Perhaps no time in Chinese history was more vibrant than that during the Song Dynasty, which lasted from the 10th to the 13th centuries. During this period, China experienced an intellectual revolution, flourishing in subjects as diverse as philosophy, literature, mathematics, engineering, law, military strategy, poetry, and cuisine.
With the citizenry relatively vibrant and the economy wealthy, it’s perhaps no wonder that some of the most important methods in ceramics, and by extension, functional works of art, were birthed during this era as well. After all, artists had the leisure to experiment and patrons had the means to support their endeavors.
Indeed, it was the Song Dynasty that would give rise to what we now call the Five Famous Kilns: Ru Kiln, Imperial Kiln, Jun Kiln, Ge Kiln, and Ding Kiln. Of these, it was Jun Ci porcelain that had a tendency to be vibrant and rich in color, boasting everything from lush rose purples and crimson reds to calming sky blues and aquamarines.
The mélange of colors characteristic of Junware is owed, in part, to the copper oxide in the Jun glaze, which can range anywhere from green to red, depending on whether the kiln is in an oxidation or reduction atmosphere.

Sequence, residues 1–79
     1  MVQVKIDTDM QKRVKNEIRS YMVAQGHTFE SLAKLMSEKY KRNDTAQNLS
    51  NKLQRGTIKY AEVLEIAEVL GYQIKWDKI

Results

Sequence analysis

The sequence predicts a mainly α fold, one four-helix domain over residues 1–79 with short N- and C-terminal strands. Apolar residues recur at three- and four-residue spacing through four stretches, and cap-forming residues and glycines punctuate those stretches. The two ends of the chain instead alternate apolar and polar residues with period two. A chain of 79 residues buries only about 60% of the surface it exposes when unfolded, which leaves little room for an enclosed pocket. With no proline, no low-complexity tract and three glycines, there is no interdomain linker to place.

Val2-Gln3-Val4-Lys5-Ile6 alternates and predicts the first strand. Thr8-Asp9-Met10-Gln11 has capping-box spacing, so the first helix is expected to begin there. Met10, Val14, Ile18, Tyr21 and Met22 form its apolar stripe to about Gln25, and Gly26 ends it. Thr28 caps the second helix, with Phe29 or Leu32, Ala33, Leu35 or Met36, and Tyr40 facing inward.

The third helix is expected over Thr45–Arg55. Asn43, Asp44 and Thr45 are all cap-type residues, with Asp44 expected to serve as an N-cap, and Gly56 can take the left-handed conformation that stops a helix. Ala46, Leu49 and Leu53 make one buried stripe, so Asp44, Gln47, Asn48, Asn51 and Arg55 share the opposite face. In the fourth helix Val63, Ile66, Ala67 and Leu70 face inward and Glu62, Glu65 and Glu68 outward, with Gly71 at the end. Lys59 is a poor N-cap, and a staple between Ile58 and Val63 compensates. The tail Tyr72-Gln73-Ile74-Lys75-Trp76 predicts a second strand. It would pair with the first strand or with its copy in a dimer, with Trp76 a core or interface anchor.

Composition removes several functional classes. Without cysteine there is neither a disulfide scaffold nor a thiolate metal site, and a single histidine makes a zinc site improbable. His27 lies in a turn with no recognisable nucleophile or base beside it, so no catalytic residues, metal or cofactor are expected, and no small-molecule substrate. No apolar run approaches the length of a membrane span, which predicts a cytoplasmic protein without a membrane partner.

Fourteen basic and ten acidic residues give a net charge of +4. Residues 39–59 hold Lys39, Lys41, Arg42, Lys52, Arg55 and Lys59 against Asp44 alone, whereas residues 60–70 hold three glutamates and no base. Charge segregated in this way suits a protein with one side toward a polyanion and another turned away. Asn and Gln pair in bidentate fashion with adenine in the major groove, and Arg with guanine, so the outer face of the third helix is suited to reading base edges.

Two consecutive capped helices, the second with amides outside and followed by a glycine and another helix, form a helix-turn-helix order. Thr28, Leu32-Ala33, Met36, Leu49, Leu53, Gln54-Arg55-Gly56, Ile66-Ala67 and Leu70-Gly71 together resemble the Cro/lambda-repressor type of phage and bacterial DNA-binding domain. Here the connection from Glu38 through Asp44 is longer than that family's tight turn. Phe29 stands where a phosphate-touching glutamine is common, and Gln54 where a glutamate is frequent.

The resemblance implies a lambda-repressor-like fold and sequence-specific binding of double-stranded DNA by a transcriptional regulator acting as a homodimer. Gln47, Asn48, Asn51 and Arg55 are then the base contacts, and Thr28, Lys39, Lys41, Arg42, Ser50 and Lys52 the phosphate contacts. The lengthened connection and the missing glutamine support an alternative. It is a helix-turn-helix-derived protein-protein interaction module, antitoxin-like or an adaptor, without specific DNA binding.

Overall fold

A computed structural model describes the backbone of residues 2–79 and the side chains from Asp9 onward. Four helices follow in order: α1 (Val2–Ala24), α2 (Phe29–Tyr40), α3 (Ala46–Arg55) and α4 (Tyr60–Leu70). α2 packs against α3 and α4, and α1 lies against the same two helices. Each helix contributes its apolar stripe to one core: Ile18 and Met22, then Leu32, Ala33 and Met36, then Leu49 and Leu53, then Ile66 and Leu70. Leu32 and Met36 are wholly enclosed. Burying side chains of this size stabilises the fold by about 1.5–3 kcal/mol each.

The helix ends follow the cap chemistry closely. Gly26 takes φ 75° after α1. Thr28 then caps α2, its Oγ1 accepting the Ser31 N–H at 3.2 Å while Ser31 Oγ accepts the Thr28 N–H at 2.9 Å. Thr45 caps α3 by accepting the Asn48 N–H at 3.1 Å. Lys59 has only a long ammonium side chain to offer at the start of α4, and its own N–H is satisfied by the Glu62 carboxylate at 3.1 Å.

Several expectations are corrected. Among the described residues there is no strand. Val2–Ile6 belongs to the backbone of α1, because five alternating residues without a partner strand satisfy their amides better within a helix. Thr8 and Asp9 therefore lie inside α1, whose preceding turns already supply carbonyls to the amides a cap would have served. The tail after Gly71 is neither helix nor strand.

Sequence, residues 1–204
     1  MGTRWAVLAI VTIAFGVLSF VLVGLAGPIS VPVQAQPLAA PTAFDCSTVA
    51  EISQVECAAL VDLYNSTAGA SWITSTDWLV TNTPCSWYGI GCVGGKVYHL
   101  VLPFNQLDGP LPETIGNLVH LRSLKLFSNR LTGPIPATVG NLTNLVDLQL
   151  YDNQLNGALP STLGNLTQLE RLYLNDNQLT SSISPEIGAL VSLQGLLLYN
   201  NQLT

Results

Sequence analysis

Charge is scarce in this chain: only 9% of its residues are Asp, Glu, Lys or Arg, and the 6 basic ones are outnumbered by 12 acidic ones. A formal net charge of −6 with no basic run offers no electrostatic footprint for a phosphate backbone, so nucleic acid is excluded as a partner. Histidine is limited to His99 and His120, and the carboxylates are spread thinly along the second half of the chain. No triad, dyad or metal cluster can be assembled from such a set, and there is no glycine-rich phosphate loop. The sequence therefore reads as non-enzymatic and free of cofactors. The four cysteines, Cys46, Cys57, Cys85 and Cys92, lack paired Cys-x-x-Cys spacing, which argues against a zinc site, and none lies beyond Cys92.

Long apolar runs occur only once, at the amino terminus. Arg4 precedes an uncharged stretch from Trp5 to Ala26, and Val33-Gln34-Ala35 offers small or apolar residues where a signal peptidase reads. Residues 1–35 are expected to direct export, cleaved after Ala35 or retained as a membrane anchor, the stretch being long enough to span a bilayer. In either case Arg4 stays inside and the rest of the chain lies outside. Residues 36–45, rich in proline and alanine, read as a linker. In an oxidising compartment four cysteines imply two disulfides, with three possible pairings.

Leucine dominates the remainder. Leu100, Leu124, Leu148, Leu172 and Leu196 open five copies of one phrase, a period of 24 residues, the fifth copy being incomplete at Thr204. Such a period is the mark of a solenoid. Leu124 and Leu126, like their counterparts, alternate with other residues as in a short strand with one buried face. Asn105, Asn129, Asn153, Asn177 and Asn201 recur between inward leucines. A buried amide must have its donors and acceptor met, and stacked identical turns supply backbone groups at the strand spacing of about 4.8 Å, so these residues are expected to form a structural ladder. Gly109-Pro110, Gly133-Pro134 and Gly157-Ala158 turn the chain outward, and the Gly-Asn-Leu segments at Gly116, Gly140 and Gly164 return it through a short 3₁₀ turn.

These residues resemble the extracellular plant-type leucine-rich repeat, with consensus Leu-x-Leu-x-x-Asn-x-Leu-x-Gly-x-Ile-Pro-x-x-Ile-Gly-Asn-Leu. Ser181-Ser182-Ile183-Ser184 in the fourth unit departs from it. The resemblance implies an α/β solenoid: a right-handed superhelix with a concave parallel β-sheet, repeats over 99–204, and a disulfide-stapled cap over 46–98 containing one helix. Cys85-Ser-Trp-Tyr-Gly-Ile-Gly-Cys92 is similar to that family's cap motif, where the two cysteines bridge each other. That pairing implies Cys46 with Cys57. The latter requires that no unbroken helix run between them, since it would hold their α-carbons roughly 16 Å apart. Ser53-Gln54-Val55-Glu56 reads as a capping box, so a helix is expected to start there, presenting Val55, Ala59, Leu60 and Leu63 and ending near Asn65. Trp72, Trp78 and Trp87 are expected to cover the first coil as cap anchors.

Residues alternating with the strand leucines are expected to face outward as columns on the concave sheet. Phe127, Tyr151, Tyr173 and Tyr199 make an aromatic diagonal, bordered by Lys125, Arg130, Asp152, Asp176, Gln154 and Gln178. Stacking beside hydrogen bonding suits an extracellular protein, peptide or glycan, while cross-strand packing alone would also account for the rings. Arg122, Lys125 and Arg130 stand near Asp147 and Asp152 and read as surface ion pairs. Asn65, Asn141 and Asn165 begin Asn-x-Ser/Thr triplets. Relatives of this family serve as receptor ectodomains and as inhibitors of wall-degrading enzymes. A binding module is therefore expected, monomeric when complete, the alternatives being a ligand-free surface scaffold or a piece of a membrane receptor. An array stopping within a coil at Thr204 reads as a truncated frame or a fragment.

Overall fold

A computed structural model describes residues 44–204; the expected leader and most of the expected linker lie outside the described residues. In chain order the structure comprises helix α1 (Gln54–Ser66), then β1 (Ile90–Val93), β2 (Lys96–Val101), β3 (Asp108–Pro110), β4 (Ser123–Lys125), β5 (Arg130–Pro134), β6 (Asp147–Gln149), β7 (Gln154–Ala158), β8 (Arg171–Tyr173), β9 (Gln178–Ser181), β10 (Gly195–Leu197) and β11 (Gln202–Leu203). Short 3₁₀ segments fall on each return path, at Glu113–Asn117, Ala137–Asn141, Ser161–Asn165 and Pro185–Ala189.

This wide variation of color, which was sensitive to the slightest changes in temperature, added an element of chance to the finished product. This whimsy was precisely one of the things that made Jun Ci so desirable. To this day, no two pieces of Jun porcelain are the same.
What is even more fascinating about the color of Jun ware is that the blue in a piece of true Jun porcelain is actually not the color of the glaze but an optical effect created by the way that the pottery was fired.
In a high temperature environment, usually between 1300 °C – 1380 °C, the glaze separates into small glass-like droplets that scatter blue light, giving the Junware its characteristic blue color. Scientifically, this is known as Rayleigh scattering, and it is the same principle that makes the sky look blue to us. It’s kind of amazing to consider that the same thing that makes the sky blue is what gives Jun teaware its color.
It’s difficult to put into words how Jun porcelain manages to both animate and inspire. It seems to embody and reflect a certain kind of joie de vivre, a quality made all the more salient when one collects a piece that can be used.
Perhaps the paradigm experience of the marriage of art and function is when one sips artisanal single origin loose leaf tea from a Jun Ci tea cup. The tea just seems to delight in this brilliant display of color, inviting one to see the joy awaiting them beyond the daily demands of the day.
Fortunately, this is something we at MeiMei Fine Teas believe wholeheartedly, and so we have searched high and low to carefully curate contemporary pieces of Jun Ci porcelain that share in that resplendent and invigorating Song aesthetic.We hope that you can find a piece that brings that same level of joy to your hearts, especially with the Holiday Season upon us.